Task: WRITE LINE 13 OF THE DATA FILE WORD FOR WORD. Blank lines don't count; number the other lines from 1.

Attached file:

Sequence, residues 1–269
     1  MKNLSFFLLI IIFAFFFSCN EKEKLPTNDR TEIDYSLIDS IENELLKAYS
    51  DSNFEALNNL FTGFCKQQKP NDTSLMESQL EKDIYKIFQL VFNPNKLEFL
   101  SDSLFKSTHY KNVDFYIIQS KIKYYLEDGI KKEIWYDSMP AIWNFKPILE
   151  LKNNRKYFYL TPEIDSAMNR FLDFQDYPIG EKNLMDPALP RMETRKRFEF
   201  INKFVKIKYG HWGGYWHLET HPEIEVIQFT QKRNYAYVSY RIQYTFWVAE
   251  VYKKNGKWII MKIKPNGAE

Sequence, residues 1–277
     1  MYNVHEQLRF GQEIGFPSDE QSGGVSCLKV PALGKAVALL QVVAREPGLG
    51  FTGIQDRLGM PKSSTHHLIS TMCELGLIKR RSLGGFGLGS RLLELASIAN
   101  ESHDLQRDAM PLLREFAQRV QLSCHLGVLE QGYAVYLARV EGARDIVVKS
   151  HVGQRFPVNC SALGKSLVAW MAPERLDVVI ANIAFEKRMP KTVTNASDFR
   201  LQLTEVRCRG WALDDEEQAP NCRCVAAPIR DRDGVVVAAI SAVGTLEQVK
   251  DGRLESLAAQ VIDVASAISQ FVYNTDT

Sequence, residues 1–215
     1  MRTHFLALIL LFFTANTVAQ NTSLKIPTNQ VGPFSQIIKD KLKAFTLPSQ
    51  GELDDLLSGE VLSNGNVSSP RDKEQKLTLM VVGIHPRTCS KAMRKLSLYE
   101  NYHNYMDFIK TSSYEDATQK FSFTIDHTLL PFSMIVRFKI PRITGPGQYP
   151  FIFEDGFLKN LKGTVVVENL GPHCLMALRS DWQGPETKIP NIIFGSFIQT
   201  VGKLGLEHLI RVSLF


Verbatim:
   201  LQLTEVRCRG WALDDEEQAP NCRCVAAPIR DRDGVVVAAI SAVGTLEQVK